9/11 is understood primarily as an act of war against the US and western interests – and it most certainly was such an attack. However, it is the Islamic world which has suffered the greatest repercussions since September. The show of aggression not only prompted western military interventions in a host of Muslim countries – the list appears to grow annually – but has resulted in introspective soul searching by the Islamic world. During this intellectual exercise, Muslims have killed each other in large numbers with both randomness and precision. Undoubtedly, all the blame cannot be placed at Washington's door. However, the US might better serve international security by nudging reforms in the Saudi kingdom rather than sending troops to foreign shores at the first hint of trouble. The ripple effects from a reforming Saudi society will be positively felt far and wide in the Islamic world.
Imran is a business and management consultant. Through his work at Deodar Advisors and the Deodar Diagnostic, Imran improves profits of businesses operating in Singapore and the region. He can be reached at

Wednesday, 16 January 2013

'Singapore, Islam and Multiculturalism,' Monday, January 21 at the Asian Civilizations Museum

Have you ever wondered why Singapore is one of the few countries of the world where holy days of several religions are public holidays? Christmas, Deepavali, Hari Raya to name a few.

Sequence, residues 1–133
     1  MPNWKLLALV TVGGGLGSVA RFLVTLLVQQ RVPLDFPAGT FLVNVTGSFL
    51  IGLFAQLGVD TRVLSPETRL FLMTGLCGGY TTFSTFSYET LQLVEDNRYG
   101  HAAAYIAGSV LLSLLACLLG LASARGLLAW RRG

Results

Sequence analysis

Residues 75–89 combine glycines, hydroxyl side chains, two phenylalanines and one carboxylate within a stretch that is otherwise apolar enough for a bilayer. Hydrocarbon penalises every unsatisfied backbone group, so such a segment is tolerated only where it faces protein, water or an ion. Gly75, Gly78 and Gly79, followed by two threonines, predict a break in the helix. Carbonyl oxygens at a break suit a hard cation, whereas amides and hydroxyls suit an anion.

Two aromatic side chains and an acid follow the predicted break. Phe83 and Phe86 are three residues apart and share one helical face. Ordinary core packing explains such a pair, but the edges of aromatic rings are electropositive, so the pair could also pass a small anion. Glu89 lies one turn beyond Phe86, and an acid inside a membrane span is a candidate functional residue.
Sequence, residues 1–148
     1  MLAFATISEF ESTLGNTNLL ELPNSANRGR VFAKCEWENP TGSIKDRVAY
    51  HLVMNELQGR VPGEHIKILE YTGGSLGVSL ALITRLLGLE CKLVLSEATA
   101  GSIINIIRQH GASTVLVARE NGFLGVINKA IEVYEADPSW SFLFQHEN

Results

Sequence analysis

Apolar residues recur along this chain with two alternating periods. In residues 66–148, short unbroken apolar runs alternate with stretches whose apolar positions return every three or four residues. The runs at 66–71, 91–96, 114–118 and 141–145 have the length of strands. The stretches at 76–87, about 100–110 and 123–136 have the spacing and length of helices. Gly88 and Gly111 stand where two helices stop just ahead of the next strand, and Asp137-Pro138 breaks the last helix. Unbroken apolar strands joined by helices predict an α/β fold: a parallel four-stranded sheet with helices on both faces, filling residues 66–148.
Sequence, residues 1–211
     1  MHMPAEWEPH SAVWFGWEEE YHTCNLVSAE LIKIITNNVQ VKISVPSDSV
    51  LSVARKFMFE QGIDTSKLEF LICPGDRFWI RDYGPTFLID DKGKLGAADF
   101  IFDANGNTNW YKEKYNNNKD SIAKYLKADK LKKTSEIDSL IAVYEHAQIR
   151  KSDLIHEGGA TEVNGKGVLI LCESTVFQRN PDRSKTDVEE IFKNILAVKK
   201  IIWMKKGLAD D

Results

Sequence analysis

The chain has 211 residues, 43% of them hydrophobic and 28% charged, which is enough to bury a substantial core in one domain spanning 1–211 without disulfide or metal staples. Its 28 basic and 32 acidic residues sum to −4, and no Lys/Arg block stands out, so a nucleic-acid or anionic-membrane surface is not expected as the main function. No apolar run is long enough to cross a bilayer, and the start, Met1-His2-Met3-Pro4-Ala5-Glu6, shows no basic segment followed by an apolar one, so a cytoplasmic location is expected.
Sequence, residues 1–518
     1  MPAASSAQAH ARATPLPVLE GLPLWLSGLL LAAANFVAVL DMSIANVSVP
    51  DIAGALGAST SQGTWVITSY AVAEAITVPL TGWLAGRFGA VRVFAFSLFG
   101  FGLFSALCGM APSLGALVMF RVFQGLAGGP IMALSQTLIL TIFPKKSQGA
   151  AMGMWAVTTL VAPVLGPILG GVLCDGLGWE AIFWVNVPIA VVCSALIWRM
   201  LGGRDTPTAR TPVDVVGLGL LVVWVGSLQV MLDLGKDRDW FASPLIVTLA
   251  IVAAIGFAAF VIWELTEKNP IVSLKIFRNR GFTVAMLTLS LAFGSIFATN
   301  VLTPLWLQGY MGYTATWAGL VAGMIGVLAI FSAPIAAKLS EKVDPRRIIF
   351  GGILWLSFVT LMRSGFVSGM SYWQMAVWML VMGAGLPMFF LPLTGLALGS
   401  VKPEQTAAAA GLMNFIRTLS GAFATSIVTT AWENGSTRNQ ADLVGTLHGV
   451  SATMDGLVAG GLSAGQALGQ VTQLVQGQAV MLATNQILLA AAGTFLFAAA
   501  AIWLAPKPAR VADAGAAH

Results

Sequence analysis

Did you know Singapore law requires Muslim citizens to abide by certain aspects of Sharia Islamic law?

Interested in taking a peek inside the prism of Singapore's 'Chinese, Malay, Indian and Others' or CMIO way of seeing the world?

Come hear me speak on 'Singapore, Islam and Multiculturalism' at the Asian Civilizations Museum, Singapore.

The presentation is part of the Friends of the Museums, Monday Morning Lecture Series.

Date / Time:           January 21, 2013, 11 AM
Title:                     Singapore, Islam and Multiculturalism
Venue:                   Asian Civilizations Museum, Ngee Ann Auditorium

For more details please visit the Friends of the Museum website.

See you there!

Sunday, 13 January 2013

Singapore: leadership, democracy and media liberalization

No, that is not a statement by a medieval European King. Actually, it was said by former Singapore Prime Minister Lee Kuan Yew in a 1987 newspaper interview (as recently quoted in a news article). Fortunately for Singaporeans, times have changed since LKY made that comment over a quarter of a century ago. More and more, Singaporeans are influencing behaviours and responses of the government, particularly over issues related to information disclosure and government transparency.